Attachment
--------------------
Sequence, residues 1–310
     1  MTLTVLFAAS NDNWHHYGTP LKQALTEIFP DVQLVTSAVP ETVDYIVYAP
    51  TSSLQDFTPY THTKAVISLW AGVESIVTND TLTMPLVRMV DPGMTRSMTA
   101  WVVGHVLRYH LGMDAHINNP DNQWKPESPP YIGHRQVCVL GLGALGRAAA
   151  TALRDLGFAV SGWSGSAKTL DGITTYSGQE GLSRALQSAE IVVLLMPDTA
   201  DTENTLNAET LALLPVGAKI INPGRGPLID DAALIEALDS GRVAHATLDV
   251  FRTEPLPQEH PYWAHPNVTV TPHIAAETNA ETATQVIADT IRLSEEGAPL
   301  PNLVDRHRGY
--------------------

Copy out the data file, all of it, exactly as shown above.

Sequence, residues 1–310
     1  MTLTVLFAAS NDNWHHYGTP LKQALTEIFP DVQLVTSAVP ETVDYIVYAP
    51  TSSLQDFTPY THTKAVISLW AGVESIVTND TLTMPLVRMV DPGMTRSMTA
   101  WVVGHVLRYH LGMDAHINNP DNQWKPESPP YIGHRQVCVL GLGALGRAAA
   151  TALRDLGFAV SGWSGSAKTL DGITTYSGQE GLSRALQSAE IVVLLMPDTA
   201  DTENTLNAET LALLPVGAKI INPGRGPLID DAALIEALDS GRVAHATLDV
   251  FRTEPLPQEH PYWAHPNVTV TPHIAAETNA ETATQVIADT IRLSEEGAPL
   301  PNLVDRHRGY